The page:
By Ross McMullin.
The worst 24 hours in Australian history occurred 90 years ago at Fromelles. Not the worst in Australian military history, the worst 24 hours in Australia's entire history. The Australians suffered 5,533 casualties in one night. The Australian toll at Fromelles was equivalent to the total Australian casualties in the Boer War, Korean War and Vietnam War put together. It was a staggering disaster.
And this catastrophic attack at Fromelles - advocated and orchestrated by a British corps commander - had no redeeming tactical justification whatsoever. It was, in the words of a senior participant, Brigadier General H.E. "Pompey" Elliott, a "tactical abortion". One-third of the Australian casualties at Fromelles were in Elliott's 15th Brigade.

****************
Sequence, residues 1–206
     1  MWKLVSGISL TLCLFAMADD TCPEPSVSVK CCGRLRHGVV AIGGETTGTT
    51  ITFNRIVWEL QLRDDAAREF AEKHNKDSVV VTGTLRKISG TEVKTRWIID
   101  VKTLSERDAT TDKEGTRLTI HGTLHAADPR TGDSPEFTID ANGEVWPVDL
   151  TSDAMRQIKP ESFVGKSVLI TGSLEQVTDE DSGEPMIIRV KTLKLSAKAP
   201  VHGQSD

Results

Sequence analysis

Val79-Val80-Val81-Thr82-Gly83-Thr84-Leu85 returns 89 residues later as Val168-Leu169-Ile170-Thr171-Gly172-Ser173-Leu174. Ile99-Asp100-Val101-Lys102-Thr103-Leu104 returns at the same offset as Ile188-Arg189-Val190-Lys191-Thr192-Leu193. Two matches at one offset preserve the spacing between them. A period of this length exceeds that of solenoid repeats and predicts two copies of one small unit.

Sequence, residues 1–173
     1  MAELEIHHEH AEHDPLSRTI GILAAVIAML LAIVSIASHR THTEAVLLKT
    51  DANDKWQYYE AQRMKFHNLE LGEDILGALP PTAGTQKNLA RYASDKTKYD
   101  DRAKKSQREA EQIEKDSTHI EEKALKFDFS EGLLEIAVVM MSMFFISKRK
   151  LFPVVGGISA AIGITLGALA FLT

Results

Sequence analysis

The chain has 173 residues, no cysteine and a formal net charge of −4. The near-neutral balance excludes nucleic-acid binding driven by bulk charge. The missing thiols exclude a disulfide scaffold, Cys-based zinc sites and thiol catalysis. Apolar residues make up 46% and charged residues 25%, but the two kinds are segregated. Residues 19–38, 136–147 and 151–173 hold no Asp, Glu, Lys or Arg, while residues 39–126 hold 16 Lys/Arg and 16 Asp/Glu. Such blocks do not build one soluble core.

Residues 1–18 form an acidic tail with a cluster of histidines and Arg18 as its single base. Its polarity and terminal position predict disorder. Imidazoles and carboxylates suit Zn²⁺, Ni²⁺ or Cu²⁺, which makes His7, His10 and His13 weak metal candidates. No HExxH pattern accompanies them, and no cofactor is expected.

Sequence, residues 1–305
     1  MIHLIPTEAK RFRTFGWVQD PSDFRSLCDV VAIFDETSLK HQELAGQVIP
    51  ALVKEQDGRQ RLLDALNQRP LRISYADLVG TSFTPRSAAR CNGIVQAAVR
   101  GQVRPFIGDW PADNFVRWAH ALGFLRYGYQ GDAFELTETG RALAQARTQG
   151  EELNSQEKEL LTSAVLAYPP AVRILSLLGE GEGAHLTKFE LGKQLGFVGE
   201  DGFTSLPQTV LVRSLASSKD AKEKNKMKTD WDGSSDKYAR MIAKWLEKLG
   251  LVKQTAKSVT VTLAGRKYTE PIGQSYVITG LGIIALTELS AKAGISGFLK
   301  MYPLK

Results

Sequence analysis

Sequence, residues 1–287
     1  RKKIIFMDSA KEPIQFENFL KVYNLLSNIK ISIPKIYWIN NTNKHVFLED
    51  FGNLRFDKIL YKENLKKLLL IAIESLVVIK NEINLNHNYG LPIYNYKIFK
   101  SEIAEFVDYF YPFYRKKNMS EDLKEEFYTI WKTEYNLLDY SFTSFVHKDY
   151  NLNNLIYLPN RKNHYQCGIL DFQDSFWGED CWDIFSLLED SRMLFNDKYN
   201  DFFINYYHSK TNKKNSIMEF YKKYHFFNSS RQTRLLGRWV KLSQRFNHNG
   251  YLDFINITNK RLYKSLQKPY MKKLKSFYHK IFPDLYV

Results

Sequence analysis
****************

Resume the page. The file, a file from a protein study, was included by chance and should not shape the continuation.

In July 1916 Elliott and his men had just arrived at the Western Front. Like most formations new to the main arena in the biggest war there had ever been, they were given a relatively undemanding initiation in a quiet part of the line. Only twice since the Western Front had stabilised had there been fierce fighting in this benign sector near Fromelles. But Elliott and his senior officers had scarcely begun to familiarise themselves with their new surroundings when they received startling news: Elliott's 15th Brigade would be participating in the 5th Division's imminent full-scale attack against the Germans.